A second “Prague Spring” ?
The ‘Prague Spring’ of 1968 saw for the briefest of time a Czechoslovakian flirtation with liberty and democracy. It was a short-lived flirtation, crushed at birth by Moscow’s iron fist and ending with a Soviet invasion and the old political order reestablished.
Lower house passes amended family law
ČTK | 22 June 2011
Prague, June 21 (CTK) – Shared care of children should be more frequent after the parents’ divorce under an amendment to the family law that the Czech Chamber of Deputies, the lower house of parliament, passed Tuesday.
According to the legislation, courts should always order shared care if both parents want to look after the child and are capable of it and if it is in the child’s interest.
The amendment also modifies the deadline for paternity denial, on the basis of the Constitutional Court’s verdict.
The amendment was supported by deputies across the parties.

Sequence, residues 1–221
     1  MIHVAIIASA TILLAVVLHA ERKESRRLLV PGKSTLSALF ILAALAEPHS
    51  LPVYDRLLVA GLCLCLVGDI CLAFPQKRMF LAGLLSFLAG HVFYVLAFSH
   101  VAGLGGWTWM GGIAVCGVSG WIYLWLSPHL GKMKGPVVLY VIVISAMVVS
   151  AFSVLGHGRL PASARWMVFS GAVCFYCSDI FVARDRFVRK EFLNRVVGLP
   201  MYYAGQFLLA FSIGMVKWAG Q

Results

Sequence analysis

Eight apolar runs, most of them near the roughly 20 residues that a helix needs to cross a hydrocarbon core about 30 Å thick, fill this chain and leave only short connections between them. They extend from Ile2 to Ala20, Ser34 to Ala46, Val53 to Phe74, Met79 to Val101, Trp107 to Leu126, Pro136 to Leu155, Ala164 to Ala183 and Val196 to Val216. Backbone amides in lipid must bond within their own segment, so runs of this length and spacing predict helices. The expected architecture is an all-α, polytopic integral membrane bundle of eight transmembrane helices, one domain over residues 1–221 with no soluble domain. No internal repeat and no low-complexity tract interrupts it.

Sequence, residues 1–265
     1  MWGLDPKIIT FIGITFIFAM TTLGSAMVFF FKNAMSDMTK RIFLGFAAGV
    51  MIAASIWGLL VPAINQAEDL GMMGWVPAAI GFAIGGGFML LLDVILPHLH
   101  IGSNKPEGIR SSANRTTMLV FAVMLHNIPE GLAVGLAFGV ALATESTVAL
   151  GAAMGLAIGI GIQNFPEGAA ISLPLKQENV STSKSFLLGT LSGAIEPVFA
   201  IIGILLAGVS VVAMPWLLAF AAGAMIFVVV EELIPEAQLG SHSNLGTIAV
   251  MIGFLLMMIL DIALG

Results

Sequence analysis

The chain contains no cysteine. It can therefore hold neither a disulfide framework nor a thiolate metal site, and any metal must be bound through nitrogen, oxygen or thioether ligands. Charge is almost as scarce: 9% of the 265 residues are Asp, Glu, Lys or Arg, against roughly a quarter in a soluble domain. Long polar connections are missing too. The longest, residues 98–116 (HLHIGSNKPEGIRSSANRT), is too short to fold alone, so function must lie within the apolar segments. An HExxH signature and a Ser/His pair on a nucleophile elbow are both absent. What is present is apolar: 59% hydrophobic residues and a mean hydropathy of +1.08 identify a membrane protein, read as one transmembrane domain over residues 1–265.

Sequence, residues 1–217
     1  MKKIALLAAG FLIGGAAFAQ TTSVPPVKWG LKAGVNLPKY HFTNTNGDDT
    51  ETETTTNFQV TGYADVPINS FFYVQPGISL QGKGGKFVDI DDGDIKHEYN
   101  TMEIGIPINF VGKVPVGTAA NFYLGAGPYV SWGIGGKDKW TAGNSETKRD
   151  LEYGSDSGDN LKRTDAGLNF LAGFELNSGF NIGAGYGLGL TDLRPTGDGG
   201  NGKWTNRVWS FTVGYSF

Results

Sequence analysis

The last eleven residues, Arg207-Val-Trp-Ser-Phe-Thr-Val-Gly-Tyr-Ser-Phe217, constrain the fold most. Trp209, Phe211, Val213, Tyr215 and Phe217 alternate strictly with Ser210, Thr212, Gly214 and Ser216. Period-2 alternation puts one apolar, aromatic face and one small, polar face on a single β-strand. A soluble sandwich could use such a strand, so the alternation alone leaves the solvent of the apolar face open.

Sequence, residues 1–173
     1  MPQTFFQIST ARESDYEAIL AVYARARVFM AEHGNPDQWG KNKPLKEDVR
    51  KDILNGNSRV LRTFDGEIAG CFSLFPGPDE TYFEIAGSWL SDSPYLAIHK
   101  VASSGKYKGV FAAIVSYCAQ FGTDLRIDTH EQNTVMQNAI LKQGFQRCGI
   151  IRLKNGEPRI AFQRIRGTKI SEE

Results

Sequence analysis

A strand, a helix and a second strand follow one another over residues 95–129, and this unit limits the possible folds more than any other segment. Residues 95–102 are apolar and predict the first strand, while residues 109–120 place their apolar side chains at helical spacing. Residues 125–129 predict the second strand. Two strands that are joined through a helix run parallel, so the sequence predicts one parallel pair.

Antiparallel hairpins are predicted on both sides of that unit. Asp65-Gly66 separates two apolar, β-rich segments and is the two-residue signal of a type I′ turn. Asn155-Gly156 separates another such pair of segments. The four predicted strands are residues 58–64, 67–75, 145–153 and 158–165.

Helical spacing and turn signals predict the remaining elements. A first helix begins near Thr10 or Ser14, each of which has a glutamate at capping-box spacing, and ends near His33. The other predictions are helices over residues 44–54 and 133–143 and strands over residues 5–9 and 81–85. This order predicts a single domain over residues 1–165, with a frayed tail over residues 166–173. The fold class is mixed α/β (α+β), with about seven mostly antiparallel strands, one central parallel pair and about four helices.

Its opponents point out that children in shared care must change their home constantly which is not positive for their healthy development.
Government human rights commissioner Monika Simunkova Tuesday also criticised the amendment. Every case needs an individual approach, she said.
The centre-right government also raised objections to the bill, pointing out that the court should take the child’s wish into consideration before deciding on shared care.
Without meeting this condition, the Czech Republic may violate the U.N. Convention on the Rights of the European Convention on the Exercise of Children’s Rights, the government says.
The amendment’s author Pavel Stanek (senior government Civic Democrats, ODS), for his part, stressed that Czech courts usually place children in the custody of their mother without justifying the decision.
About 90 percent of children end up in the mother’s care after divorce in the Czech Republic, while shared care is applied in about 3 percent of cases only, he recalled.
The amendment also changes the deadline for paternity denial from the current six months after the baby’s birth to six months since the man starts suspecting that he is not the biological father, but maximally until the child’s three years of age.
This regulation should apply only to children born in wedlock.
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